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Dougan House on South Green, March 24, 2024, in Athens.

Students demand restroom locks in residence halls after voyeurism incident

Nearly a month after a report of voyeurism in Dougan House, students are calling for the university to take the initiative to add locks in residence hall showers to protect the safety and privacy of its students.

The incident sparked immediate outrage, primarily among students, who voiced their concerns through a petition one day after the reported crime. Since its inception, the petition has garnered nearly 1,200 signatures and prompted the Student Senate to develop an initiativerequiring locks on all residence hall bathroom doors. 

Of the last nine alerts from OUPD’s crime and emergency alert system, sevenwere in relation to sexual violence.  

About a week after the incident, the Senate passed the initiative, calling on the university administration to develop a plan for installation. Women’s Affairs Commissioner Lucy Becker said the Senate was dedicated to taking timely action on the issue and hopes the university follows suit. 

“We wanted to make a statement on it as soon as possible,” Residence Life Commissioner Mae Thomas said. “We wanted both students and faculty to know that this was a priority.”

Although there are currently no changes to updating the restrooms, Thomas said she is discussing the legislation with Housing and Residence Life to figure out the next steps. She said distributing funds to add locks will be a gradual process, but she and her commission are willing to make it eventually happen.

As of March 11, Director of Housing and Residence Life Jneanne Hacker said the immediate strategy the university took to combat the issue for students residing in the back south, consisting of Ewing, Wray, True, Dougan and Hoover House, is having one key that unlocks students’ assigned mod door and their individual room door. The same key does both functions. 

Isabel Gluckert, a sophomore studying art therapy, who lives in back south, said she was concerned that male students had easy access to female restrooms via mod doors, which until recently could be unlocked with any resident key card. 

Gluckert’s resident advisor, or RA, recommended if anyone is uncomfortable showering in the residence hall, they should go to Ping Recreation Center. While this is a short-term solution, Gluckert said she feels like Ping is a safe place to use the restroom.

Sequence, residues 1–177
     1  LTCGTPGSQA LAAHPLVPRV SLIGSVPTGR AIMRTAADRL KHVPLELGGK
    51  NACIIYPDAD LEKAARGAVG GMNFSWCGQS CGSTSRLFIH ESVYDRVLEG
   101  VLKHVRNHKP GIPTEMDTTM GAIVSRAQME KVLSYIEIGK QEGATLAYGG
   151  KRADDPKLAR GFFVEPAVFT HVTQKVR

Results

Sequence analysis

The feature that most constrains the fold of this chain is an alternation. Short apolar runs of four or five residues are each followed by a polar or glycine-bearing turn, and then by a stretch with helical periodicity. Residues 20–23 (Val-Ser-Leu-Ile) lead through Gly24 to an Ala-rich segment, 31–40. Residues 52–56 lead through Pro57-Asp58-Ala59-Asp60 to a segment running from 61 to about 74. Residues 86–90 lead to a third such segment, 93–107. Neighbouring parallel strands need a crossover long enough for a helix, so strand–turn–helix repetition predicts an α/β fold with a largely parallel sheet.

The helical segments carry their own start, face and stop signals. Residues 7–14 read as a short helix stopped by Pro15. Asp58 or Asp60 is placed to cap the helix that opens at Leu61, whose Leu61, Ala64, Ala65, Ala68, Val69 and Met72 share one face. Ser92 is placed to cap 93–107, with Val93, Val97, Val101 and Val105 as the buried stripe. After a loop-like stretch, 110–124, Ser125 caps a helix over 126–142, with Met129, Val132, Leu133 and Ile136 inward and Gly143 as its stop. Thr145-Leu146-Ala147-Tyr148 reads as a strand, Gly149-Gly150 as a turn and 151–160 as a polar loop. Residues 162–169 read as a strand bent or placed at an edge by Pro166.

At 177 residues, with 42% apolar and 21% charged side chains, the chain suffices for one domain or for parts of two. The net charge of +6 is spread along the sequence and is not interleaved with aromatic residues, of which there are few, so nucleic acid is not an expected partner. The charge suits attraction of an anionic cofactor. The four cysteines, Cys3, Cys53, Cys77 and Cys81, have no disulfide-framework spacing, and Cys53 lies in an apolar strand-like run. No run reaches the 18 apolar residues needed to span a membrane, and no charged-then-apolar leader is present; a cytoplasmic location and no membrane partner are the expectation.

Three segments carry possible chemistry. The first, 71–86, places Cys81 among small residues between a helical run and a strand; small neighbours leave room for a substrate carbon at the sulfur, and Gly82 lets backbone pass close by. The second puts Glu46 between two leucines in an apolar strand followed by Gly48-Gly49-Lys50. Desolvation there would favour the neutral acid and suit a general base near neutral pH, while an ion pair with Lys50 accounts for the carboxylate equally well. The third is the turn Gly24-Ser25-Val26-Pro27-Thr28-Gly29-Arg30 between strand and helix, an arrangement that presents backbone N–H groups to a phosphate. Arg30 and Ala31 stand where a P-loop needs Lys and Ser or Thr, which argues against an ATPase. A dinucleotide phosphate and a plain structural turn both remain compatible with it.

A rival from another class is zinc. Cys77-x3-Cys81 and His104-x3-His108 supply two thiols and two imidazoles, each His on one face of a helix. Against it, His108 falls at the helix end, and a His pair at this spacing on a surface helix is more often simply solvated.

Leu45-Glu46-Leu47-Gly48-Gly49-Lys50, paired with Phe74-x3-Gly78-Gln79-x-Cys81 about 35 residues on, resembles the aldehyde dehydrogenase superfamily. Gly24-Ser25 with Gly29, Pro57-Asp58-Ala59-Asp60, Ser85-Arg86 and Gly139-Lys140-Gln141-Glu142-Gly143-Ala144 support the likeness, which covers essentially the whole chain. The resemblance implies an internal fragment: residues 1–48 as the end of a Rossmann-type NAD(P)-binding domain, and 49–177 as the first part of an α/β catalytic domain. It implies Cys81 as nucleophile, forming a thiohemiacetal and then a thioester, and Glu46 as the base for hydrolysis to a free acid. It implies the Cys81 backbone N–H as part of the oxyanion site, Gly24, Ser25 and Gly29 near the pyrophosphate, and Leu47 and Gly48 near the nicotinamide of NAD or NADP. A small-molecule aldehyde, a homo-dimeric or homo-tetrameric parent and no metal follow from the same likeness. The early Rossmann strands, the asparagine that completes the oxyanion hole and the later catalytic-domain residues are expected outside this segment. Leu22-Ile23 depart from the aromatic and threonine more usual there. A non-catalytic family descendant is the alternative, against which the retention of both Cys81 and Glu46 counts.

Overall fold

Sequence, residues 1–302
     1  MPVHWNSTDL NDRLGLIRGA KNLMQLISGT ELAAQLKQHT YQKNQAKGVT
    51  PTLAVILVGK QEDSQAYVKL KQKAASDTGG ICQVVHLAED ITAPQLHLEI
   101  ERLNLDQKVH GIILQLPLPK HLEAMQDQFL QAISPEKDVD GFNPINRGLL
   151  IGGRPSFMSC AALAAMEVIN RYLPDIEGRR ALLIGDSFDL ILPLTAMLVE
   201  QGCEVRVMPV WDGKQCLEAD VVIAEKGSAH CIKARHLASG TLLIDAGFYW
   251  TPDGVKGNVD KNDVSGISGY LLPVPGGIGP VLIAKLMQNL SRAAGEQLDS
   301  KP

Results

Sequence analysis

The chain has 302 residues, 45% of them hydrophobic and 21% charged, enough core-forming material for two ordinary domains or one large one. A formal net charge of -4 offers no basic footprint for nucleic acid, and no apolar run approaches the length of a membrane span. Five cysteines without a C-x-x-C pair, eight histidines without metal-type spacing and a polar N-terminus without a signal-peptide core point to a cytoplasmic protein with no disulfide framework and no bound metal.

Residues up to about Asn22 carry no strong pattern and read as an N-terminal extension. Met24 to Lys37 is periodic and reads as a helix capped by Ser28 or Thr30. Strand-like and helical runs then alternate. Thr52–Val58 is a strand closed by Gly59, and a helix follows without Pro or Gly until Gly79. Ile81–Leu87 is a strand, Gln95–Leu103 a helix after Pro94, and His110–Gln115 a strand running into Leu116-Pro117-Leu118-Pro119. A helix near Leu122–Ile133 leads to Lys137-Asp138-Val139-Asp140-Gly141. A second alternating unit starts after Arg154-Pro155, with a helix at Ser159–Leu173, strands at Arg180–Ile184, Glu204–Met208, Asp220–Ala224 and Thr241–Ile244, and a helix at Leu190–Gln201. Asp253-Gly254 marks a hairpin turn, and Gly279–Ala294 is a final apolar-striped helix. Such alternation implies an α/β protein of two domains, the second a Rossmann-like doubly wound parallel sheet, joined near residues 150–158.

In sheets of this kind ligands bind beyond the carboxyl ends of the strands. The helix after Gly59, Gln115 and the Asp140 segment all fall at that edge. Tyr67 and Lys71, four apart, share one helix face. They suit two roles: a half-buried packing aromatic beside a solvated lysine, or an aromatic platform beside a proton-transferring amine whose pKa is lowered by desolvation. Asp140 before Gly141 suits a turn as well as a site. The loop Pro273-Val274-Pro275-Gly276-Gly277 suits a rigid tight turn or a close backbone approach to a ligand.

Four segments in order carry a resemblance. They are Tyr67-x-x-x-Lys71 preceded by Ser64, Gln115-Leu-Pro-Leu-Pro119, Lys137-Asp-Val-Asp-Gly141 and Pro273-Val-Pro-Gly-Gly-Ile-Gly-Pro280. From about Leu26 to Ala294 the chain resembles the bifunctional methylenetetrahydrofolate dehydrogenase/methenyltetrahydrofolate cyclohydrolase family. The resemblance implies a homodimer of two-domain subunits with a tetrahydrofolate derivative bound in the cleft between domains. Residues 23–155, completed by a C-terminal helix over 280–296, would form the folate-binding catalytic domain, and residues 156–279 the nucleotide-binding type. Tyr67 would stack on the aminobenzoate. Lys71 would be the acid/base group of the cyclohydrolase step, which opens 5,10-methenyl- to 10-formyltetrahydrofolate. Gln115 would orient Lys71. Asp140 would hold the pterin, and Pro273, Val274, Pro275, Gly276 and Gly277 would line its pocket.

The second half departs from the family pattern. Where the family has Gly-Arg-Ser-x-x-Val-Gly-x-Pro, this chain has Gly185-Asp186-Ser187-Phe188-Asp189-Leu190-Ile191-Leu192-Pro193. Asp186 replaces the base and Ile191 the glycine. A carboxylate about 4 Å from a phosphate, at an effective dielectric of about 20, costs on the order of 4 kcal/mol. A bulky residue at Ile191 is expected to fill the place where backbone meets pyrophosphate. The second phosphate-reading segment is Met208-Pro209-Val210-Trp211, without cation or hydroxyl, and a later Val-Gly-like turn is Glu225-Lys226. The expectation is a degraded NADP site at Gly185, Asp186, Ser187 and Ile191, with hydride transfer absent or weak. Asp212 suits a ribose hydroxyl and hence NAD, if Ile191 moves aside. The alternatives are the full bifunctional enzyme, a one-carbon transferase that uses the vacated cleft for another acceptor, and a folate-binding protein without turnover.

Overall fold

Hacker said after several weeks of deliberation with students, Housing and Residence Life is working with Facilities Management and Safety to establish a long-term and feasible implementation of several student suggestions. 

Among the recommendations provided by students are increased electronic swipe access points or parameters within the residence halls and showers with doors as opposed to curtains. 

However, Gluckert said the only communication she received about the incident came from the university’s crime and emergency alert through email, and she hasn’t received any emails from the university asking for her opinion regarding the incident. 

Thomas said the new residence hall in South Green will have shower doors with locks. In each private restroom, there will be a shower and toilet. She said Housing and Residence Life want to add locks on the showers, but it’s mainly about renovating the older residence halls. 

“If a hall is being renovated anyway, it could be renovated with bathroom locks,” Thomas said. 

That might take a bit more work (to renovate the older dorms), but I think that's doable.”

Gluckert said the best solution to avoid similar future issues is adding locks to the restrooms. 

Thomas said she’s heard students have felt uncomfortable with the gaps in the shower curtains, and she hopes the new showers make students feel comfortable. 

“When we passed the bill, the response to what happened was nothing short of outrage,” Thomas said. “If we are able to address that problem by giving people a safe space, that would make campus, in general, a safer place to be.”

Hacker said Housing and Residence Life is committed to the initiative, and it’s important to them to ensure they’re responding to students’ immediate concerns. 

However, Becker expressed her frustration with the university’s lack of intervention. She expressed her disappointment and said the university needed to put an immediate plan in place for students living in Dougan House. 

“I wish that there would be more immediate action for the women in back south,” Becker said. “I know lots of people who talked about still not feeling safe." 

Ohio University Police Department Staff Lieutenant Tim Ryan said he doesn’t see a problem adding locks to all the residence hall restrooms. He said it makes sense to add the privacy function as long as the right people have the keys to the locks.

“We start by believing, and we want to hear from victims in the community,” Ryan said. “We know that (sexual violence) is an underreported crime, and there's a lot of barriers to reporting. We want to be seen as an approachable place that you can come and make the report.”

Similarly, Gluckert said every RA should have a safety key to unlock the restroom’s doors, and the RA should always have the key on them.

Hacker said Housing and Residence Life welcomes students’ feedback to ensure they are bettering their needs. She suggested students can keep each other safe by ensuring students’ bedroom and mod doors remain locked and are not propped open. 


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